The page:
Image from Nassawango Legacy, a film by Tom Horton, Dave Harp and Sandy Cannon-Brown.

Take in the Chesapeake Film Festival from Home

When social distancing began, a lot of people gleefully set about bingeing on all the talked-about TV shows they hadn’t had time to watch.

But approaching two months of quarantine, the shows have started to run out, and many viewers are looking for something new and different to watch. Enter the Chesapeake Film Festival, which has just launched a subscription service.

Chesapeake Film Festival Selects is a monthly offering of films to screen from Film Festivals past. To access them, go to the Laurel Channel at laurelchannel.tv and find Chesapeake Film Festival Selects under “catalog.” The films are free during a seven-day trial subscription, then the monthly subscription fee is $5.99 after that. You can watch any film anytime. Without a subscription, you can rent or buy individual films.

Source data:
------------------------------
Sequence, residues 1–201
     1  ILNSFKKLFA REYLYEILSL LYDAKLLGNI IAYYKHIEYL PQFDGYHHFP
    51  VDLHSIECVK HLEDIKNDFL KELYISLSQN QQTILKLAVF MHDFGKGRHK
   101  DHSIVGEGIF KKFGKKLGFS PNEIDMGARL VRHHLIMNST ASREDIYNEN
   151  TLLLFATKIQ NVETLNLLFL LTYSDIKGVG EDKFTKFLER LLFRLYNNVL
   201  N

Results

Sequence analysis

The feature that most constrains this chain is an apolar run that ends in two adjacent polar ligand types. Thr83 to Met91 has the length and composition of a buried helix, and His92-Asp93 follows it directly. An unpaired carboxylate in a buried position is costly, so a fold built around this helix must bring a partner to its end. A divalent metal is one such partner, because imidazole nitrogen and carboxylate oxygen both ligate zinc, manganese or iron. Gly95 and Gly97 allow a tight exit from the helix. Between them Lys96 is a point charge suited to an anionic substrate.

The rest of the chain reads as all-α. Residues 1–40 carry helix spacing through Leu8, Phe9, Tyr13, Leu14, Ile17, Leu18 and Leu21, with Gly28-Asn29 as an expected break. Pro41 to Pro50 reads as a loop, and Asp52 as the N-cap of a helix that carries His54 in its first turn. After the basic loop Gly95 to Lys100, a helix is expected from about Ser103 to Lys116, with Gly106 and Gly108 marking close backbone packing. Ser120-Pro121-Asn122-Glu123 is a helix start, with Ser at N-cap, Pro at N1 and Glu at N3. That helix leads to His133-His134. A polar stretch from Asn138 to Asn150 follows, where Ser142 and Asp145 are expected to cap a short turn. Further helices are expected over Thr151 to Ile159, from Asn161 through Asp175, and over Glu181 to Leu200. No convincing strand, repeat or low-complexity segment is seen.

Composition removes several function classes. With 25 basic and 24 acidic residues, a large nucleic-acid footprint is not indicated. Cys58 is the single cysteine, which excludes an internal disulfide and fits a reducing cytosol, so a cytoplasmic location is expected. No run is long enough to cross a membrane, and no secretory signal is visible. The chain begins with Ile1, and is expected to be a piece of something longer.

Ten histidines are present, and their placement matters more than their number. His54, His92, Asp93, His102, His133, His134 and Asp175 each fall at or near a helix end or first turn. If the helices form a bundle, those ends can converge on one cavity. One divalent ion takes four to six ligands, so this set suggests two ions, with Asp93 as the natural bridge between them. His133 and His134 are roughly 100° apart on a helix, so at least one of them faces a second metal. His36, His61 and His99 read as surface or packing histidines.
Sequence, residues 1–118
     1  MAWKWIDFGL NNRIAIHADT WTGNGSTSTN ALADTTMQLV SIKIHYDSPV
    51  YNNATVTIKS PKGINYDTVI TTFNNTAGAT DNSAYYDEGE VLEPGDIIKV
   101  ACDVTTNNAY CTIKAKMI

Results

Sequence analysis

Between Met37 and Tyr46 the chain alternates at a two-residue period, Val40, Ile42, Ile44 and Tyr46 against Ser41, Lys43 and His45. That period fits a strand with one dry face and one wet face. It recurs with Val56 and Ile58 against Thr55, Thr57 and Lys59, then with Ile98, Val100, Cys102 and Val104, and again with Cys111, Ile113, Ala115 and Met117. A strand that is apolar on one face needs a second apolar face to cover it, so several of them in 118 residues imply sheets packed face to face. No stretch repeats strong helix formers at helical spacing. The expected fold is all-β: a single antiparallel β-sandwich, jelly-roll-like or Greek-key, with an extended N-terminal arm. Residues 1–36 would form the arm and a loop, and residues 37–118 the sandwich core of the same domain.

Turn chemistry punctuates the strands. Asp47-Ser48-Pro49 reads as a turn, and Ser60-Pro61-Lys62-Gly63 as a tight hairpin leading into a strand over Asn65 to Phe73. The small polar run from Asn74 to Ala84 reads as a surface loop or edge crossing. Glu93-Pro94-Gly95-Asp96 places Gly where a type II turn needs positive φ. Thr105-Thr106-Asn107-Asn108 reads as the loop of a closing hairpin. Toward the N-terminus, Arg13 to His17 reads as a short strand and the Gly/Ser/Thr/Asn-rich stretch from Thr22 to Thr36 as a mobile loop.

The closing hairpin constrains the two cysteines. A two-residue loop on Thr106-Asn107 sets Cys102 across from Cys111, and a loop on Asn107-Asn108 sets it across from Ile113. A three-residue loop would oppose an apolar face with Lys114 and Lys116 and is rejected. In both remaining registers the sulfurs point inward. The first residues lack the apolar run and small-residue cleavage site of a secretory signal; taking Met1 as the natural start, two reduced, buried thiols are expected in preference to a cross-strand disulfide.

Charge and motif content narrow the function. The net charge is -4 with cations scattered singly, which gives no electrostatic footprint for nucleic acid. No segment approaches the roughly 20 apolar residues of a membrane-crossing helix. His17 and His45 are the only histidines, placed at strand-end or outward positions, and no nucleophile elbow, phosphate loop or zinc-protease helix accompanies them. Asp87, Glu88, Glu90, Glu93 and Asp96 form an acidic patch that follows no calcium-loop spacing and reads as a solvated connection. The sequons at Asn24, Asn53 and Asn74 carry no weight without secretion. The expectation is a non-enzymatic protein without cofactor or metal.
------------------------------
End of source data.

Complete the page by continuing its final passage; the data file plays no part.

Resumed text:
The Chesapeake Film Festival’s board members have chosen many of the selections. The organization says, “This is our way to connect with you, our film community, during the ongoing public health crisis.”

The films available now include High Tide in Dorchester, a film that calls Dorchester County “ground zero for sea level rise” in the Maryland portion of the Bay; Nassawango Legacy, a short film honoring one family’s multi-generational efforts to protect a Chesapeake Bay stream; Arc of Light: A portrait of Anna Campbell Bliss, showing the influences on the artist-architect’s career; The Bonobo Connection, looking at our closest and most forgotten relative, the bonobo ape; Othello-san, about a young African-American actor in a prestigious Japanese film school; and TRI, a look inside the world of triathlons that won multiple film festivals.

For more on the films and how to see them, go to chesapeakefilmfestival.com

Meg Walburn Viviano